Greenfield demonstrators bring awareness about Guantanamo Bay detention camp

  • Demonstrators protest the Guantanamo Bay detention camp on the Greenfield Common on Monday. STAFF PHOTO/PAUL FRANZ

  • Demonstrators protest the Guantanamo Bay detention camp on the Greenfield Common on Monday. STAFF PHOTO/PAUL FRANZ

  • Demonstrators protest the Guantanamo Bay detention camp on the Greenfield Common on Monday. STAFF PHOTO/PAUL FRANZ

Staff Writer
Published: 1/11/2021 6:11:19 PM
Modified: 1/11/2021 6:10:56 PM

GREENFIELD — Dressed in orange jumpsuits, some with hoods pulled over their heads, local demonstrators walked up and down Main Street on Monday to bring attention to the 19th anniversary of the opening of the Guantanamo Bay detention camp.

Monday’s demonstration was organized by Nancy Talanian and Sherrill Hogen, who said they have been attending demonstrations in Washington D.C. to speak out against the detention camp every Jan. 11 for the past 13 years. Hogen has also held demonstrations in Greenfield, but not on the actual anniversary of Guantanamo Bay’s opening. The group also assembled later that day outside the Hampshire County Courthouse in Northampton.

Each year, Hogen participates in demonstrations and protests with the national group Witness Against Torture, but the usual crowd did not gather in Washington D.C. this year because of the COVID-19 pandemic. She wanted to continue to protest the detention camp on its founding day and stir up some local support for the issue, and was surprised Monday morning by the arrival of Matt Daloisio, one of the founders of Witness Against Torture, who stayed to participate in the demonstration.

“Sherrill has been with us in D.C. every year since 2007. This is the first year we’re not there, so I figured I’d come join her,” Daloisio said.

Witness Against Torture formed in 2005 when Daloisio and 24 other Americans went to Guantanamo Bay and attempted to visit the detention facility. Daloisio and others made a second trip in 2015.

“In 2005, George W. Bush said that if anyone was concerned about Guantanamo, they should go see it for themselves, so myself and a group of 24 others took him up on that offer,” Daloisio said.

They flew to Cuba and traveled to the detention center, but they were not let inside. He said the members of the group stayed in Cuba, fasting as demonstration and praying for those held in the center.

“When we were there, we were closer to the people in prison than their families had been in that time,” he said.

According to Witness Against Torture’s website, it was 2007 when members marked Jan. 11 — the date that the first “war on terror” prisoners arrived at Guantanamo Bay in 2002 — as a “day of national shame” and began organizing major demonstrations in Washington D.C. and around the country. At the time of the organization’s founding, 400 people were being held at Guantanamo Bay.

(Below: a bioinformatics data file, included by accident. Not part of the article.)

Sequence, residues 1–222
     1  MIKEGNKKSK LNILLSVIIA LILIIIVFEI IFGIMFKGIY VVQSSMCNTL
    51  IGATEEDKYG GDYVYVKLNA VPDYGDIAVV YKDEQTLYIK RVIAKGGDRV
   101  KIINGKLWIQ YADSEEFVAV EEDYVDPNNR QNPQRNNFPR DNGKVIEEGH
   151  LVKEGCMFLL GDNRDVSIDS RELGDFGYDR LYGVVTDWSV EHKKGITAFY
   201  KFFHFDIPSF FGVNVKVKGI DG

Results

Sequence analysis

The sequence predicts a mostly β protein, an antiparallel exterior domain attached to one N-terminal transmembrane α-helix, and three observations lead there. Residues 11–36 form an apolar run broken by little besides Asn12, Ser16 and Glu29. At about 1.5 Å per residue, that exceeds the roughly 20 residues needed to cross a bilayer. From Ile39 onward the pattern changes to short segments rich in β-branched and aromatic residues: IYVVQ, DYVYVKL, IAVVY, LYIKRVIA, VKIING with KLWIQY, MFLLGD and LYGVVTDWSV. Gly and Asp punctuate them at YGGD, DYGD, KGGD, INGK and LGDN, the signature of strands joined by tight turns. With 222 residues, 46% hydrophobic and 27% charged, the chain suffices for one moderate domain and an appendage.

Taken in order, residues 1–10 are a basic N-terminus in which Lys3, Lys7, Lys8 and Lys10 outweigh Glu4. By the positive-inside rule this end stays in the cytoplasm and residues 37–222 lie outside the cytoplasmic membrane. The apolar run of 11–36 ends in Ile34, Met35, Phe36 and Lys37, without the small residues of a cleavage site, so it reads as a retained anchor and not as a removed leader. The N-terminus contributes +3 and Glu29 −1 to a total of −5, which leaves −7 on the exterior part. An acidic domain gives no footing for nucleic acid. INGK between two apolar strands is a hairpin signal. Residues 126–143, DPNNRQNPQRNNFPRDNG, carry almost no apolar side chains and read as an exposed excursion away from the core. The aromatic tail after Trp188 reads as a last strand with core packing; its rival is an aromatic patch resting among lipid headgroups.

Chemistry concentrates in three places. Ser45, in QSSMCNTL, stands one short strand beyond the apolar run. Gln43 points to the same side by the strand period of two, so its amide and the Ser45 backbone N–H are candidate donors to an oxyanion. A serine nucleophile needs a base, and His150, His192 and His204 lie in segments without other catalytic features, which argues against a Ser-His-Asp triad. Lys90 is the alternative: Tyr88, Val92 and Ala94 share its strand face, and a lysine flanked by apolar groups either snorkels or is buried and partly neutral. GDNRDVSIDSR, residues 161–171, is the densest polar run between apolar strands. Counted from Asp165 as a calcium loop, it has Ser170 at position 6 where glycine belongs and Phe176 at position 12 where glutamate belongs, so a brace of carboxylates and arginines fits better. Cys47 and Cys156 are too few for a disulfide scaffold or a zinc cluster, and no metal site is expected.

Guantanamo Bay was established in January 2002 as a military prison for people considered to be extraordinarily dangerous. Political appointees of President George W. Bush argued that the camp could be considered beyond U.S. law — which was found to be incorrect in multiple cases heard by the Supreme Court.

Yet the camp has still been used to hold prisoners indefinitely without trial, and has been criticized by human rights groups for its treatment of prisoners.

At the start of his presidency, President Barack Obama promised to close the Guantanamo Bay detention camp, but Congress opposed his view and passed laws with bipartisan support that effectively kept the camp in operation.

The Obama Administration did still reduce the scale of the operation, freeing most detainees and transferring them to other countries. President Donald Trump, in January 2018, made an executive order to keep the camp open indefinitely. Today, 40 people remain imprisoned at Guantanamo Bay.

“We’re trying to keep these men in people’s awareness,” Hogen said. “Some people don’t even know that Guantanamo is still open.”

Hogen said she was drawn to Witness Against Torture’s cause from the moment she heard about the group. She met Daloisio on her first trip to the Washington D.C. protests and has been an annual participant ever since. During the demonstrations, which Hogen said can last up to 12 days, participants fast as a means to raise awareness about the hunger strikes of the men detained at Guantanamo Bay.

With Democratic President-elect Joe Biden getting ready to take office on Jan. 20 and Democratic control of the Senate, Daloisio is hopeful that more action could be taken to close the detention center completely under the new administration.

“I think it should close,” Daloisio said, “not in the first 100 days, but in the first 100 hours.”

Zack DeLuca can be reached at or 413-930-4579.


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